When Priscilla Denithorne and her husband, Richard, bought the New Holland Pub in 1989, they paid $250,000 for the whole operation.
The Pub closed last September when the Denithornes sold the East Main Street real estate alone for $520,000.
That transaction excluded a piece of paper that’s now worth nearly what they paid for everything 27 years ago: the liquor license.
Denithorne said she recently agreed to sell the restaurant’s liquor license for $230,000, benefiting from a bidding war for the license.
“Yeah, I was surprised because I never sold a liquor license before,” said Denithorne, who used a broker to handle the process.
“I didn’t know what it would go for.”
Prices for restaurant liquor licenses have skyrocketed in the last several years in Lancaster County, driven by new demand.
Supermarket chains such as Weis and Giant need the licenses to open beer cafes in their existing stores.
In addition, new developments are adding license-seeking restaurants and supermarkets to the mix.
The new demand is putting pressure on prices for a finite supply of liquor licenses — 230 in Lancaster County, per state regulation.
“The liquor license market in the last two years has gone from $125,000 to north of $200,000,” said Aaron Zeamer, an attorney with Russell, Krafft & Gruber who specializes in liquor license transactions in Lancaster County.
“It has gotten significantly more expensive in what is a relatively short period of time,” he said.
Cost of liquor licenses
Since the supply and demand for restaurant liquor licenses varies from county to county, so do the prices.
Two years ago in Philadelphia, licenses cost around $60,000, but now go for around $190,000, according to MaryLou Galyo, a hospitality broker with the Sofranko Advisory Group.
“There’s only a certain amount. It’s not like there are going to be new ones added,” said Galyo, who advises restaurant clients in Philadelphia.
Rich Hewitt, a broker who handles liquor license sales in New Jersey and Pennsylvania, said prices in Lancaster County are now around $220,000.
In York County, average restaurant liquor licenses are $200,000 while Adams County is $120,000, Dauphin County is $110,000 and Lebanon County is $100,000, according to Hewitt.
In Cumberland and Chester counties, restaurant liquor licenses can sell for $350,000, he said.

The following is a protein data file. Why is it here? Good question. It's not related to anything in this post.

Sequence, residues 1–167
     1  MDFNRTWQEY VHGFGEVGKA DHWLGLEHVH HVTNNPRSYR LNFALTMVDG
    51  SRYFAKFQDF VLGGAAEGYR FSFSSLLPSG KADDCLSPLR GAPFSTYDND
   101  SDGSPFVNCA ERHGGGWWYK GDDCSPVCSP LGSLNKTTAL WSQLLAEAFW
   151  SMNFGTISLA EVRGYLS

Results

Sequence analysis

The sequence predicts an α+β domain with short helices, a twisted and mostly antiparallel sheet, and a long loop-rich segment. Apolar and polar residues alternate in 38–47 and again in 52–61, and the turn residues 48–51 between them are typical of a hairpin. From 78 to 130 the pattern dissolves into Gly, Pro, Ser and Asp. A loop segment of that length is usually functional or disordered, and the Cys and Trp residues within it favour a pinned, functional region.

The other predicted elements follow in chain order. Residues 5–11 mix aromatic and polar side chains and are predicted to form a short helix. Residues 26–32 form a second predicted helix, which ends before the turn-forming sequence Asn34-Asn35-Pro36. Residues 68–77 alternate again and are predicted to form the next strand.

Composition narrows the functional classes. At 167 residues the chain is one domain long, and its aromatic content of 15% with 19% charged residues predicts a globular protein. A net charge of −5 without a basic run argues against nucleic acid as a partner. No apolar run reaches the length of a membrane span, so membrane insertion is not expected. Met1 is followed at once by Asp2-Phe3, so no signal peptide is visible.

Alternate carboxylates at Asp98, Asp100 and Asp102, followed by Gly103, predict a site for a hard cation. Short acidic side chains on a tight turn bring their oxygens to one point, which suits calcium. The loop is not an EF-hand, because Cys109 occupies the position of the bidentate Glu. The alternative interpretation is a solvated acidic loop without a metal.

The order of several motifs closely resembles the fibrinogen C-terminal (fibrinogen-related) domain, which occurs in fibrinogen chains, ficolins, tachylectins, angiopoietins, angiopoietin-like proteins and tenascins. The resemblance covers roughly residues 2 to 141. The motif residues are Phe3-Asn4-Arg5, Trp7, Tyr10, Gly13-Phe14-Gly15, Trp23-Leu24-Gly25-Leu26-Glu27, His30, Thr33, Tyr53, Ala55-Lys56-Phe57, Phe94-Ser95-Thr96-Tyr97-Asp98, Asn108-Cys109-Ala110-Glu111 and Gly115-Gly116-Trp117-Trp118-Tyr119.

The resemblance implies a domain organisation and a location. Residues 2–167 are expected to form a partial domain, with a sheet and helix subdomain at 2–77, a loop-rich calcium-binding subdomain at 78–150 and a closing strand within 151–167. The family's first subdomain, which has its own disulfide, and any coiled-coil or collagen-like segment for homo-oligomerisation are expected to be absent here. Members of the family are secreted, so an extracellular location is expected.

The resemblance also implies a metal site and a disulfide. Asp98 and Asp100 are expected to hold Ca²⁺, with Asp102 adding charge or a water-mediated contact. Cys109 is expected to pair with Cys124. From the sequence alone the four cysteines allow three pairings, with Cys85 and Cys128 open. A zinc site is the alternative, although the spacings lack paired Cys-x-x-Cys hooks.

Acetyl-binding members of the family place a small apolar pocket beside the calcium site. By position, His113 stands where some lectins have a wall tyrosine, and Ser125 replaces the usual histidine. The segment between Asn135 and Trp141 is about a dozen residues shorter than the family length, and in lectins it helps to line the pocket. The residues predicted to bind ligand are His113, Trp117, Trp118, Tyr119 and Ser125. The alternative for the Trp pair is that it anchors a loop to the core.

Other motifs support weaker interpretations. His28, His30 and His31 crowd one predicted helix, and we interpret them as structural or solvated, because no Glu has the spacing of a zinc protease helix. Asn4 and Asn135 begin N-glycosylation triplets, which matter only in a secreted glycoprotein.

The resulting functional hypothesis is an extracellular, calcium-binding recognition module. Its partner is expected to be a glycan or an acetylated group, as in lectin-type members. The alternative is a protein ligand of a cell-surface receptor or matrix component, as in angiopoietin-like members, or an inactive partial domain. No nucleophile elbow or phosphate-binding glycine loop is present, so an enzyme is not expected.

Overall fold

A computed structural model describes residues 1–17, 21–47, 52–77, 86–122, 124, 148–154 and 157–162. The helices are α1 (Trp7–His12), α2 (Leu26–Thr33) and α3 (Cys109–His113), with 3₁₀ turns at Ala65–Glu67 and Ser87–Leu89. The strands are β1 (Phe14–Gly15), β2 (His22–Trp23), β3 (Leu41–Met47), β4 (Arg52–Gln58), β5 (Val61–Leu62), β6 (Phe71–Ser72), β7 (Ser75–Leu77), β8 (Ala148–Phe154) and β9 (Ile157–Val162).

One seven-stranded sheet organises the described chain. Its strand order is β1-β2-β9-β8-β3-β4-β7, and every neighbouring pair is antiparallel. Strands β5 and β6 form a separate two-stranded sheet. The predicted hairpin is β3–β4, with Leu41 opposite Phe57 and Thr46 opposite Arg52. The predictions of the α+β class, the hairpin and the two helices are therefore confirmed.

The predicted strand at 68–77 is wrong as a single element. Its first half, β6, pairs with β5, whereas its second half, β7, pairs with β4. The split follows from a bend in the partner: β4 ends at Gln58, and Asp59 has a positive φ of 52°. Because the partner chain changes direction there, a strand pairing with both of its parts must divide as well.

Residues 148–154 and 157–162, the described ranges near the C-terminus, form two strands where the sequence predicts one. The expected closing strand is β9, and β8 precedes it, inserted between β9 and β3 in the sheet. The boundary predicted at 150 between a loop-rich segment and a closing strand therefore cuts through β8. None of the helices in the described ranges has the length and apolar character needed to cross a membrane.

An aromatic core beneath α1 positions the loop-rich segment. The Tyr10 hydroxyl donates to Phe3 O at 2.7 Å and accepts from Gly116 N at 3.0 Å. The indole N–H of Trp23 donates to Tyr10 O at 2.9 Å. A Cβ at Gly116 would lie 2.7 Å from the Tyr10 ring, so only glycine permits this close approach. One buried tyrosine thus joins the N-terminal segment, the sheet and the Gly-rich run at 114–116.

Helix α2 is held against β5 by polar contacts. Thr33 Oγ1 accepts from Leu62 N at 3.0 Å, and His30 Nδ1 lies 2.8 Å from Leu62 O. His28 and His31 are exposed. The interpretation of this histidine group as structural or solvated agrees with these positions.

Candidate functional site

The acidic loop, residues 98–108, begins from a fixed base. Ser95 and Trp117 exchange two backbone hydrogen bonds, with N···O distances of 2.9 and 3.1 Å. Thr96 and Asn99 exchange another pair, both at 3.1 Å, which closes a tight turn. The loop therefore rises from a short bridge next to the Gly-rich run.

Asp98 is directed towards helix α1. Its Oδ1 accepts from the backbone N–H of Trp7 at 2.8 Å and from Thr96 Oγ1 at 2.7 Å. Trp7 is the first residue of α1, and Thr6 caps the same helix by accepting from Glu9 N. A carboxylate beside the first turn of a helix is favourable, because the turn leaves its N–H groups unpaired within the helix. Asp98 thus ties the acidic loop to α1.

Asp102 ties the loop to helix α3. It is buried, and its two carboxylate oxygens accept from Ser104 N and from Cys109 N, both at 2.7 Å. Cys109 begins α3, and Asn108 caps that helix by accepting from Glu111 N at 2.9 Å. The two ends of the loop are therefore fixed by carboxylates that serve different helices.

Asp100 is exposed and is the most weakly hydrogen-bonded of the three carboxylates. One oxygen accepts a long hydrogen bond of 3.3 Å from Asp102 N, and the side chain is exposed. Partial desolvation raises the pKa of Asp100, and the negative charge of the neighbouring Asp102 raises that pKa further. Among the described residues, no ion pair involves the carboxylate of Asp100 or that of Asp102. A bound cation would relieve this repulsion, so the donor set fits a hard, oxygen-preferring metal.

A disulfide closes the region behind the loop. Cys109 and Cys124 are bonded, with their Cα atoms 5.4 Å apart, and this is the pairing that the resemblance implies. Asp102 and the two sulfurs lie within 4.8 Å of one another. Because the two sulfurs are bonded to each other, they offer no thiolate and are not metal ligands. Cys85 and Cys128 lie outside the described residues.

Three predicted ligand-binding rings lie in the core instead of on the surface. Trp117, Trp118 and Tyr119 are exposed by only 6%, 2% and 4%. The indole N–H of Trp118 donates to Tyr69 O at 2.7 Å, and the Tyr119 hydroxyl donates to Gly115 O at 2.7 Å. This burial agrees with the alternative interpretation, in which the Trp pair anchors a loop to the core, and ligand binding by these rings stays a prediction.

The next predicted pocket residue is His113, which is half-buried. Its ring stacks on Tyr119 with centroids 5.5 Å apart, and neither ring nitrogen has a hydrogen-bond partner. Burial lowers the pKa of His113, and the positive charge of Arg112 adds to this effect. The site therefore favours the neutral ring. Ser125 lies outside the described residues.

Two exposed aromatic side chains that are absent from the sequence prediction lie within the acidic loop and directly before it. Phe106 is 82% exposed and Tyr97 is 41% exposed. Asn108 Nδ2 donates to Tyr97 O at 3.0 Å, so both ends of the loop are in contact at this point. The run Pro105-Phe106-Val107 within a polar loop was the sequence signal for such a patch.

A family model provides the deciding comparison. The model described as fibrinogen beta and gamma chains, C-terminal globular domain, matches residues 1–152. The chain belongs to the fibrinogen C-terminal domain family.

“It’s nuts,” Hewitt said. “They’re going up everywhere.”
One Lancaster County restaurant operator said that only two years after being offered $160,000 for his liquor license, he was recently offered $215,000.
Gary Huether Jr., a co-owner of Arooga’s, which recently opened a sports bar on South Centerville Road, said he would now expect to pay $200,000 and up in Lancaster and Cumberland counties.
Grocery store competition
Before the recent price inflation, Zeamer said prices had been relatively stable around $125,000, occasionally creeping up toward $150,000.
Zeamer agrees that the biggest recent factor pushing prices up is demand from grocery stores that buy them to open beer cafes.
“In my opinion, it’s odd that they are buying restaurant licenses because they’re not functioning like a restaurant” he said. “It’s a square peg in a round hole.”
Grocery stores that want to sell beer have to get a restaurant license and create a separate space inside their stores with its own entrance and seating for at least 30, among other things.
The first beer cafe opened at the Lititz Weis Markets in March 2014.
Weis now operates three beer cafes and also has a liquor license for a fourth one in Willow Street. Weis has plans for a fifth one in Lancaster County but has yet to disclose the location.
Giant is planning a beer cafe at its store at Lancaster Shopping Center and Darrenkamp’s is moving ahead with one for its Mount Joy store.
Several other local grocery store owners have expressed interest, while Wegmans has announced plans for a Lancaster store that would include beer sales.
Zeamer points out that many of the grocery store chains are larger companies that can afford to pay more for liquor licenses, thereby driving up the price for everyone.
That can put a squeeze on local independents.
Mick Owens, who recently opened a new Mick’s All American Pub outside Mount Joy, said he would like to open more restaurants here.
But the scarcity of available liquor licenses in Lancaster County is one of the factors that would have him considering opening elsewhere.
Zeamer said there have been some legislative proposals that would lower prices, including creating a separate category for grocery store licenses or trying to free up licenses that have lapsed.
Yet Zeamer said none of those proposals have gotten very far in reforming a regulatory system that dates to the era immediately after Prohibition.
“It’s like trying to modernize an old, out-of-date car. It’s an antique at this point,” Zeamer said.
Desperately seeking sellers
Hewitt said that even if buyers are willing to pay $220,000, it’s hard to find available licenses.
“At this minute I have three buyers in Lancaster County, and I don’t have a license,” Hewitt said.
Hewitt said he plans to spend three days in Lancaster County this week to visit around 30 restaurants to broach the topic of selling their liquor license.
“I literally go door to door to talk to the owner if I can,” said Hewitt, adding that it can be a delicate subject to bring up with bar owners.
With liquor license prices at record highs, Hewitt said his sales pitch is more attractive to bar owners who are struggling or thinking about getting out of the business.
“There are many restaurants in Lancaster County that are in operation that are being pressured,” Hewitt said.
With more commercial development coming to Lancaster County and more grocery stores possibly eyeing liquor licenses, Hewitt doesn’t think liquor licenses will get cheaper soon.
“I think they will hold their prices if not go up higher,” Hewitt said.